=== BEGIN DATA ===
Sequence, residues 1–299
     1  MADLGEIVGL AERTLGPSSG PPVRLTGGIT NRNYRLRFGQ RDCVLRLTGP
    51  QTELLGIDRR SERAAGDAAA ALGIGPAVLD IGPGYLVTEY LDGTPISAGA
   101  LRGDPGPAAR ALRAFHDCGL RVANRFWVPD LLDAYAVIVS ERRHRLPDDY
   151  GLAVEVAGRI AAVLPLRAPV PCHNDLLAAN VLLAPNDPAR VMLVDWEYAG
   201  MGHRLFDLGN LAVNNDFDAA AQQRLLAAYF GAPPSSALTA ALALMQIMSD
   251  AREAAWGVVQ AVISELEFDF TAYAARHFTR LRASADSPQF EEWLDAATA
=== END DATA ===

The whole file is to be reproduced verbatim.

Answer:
Sequence, residues 1–299
     1  MADLGEIVGL AERTLGPSSG PPVRLTGGIT NRNYRLRFGQ RDCVLRLTGP
    51  QTELLGIDRR SERAAGDAAA ALGIGPAVLD IGPGYLVTEY LDGTPISAGA
   101  LRGDPGPAAR ALRAFHDCGL RVANRFWVPD LLDAYAVIVS ERRHRLPDDY
   151  GLAVEVAGRI AAVLPLRAPV PCHNDLLAAN VLLAPNDPAR VMLVDWEYAG
   201  MGHRLFDLGN LAVNNDFDAA AQQRLLAAYF GAPPSSALTA ALALMQIMSD
   251  AREAAWGVVQ AVISELEFDF TAYAARHFTR LRASADSPQF EEWLDAATA